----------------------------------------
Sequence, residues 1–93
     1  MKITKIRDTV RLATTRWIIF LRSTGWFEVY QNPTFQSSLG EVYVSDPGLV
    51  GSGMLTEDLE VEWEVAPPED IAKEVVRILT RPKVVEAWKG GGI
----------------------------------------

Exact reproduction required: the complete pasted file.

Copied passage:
Sequence, residues 1–93
     1  MKITKIRDTV RLATTRWIIF LRSTGWFEVY QNPTFQSSLG EVYVSDPGLV
    51  GSGMLTEDLE VEWEVAPPED IAKEVVRILT RPKVVEAWKG GGI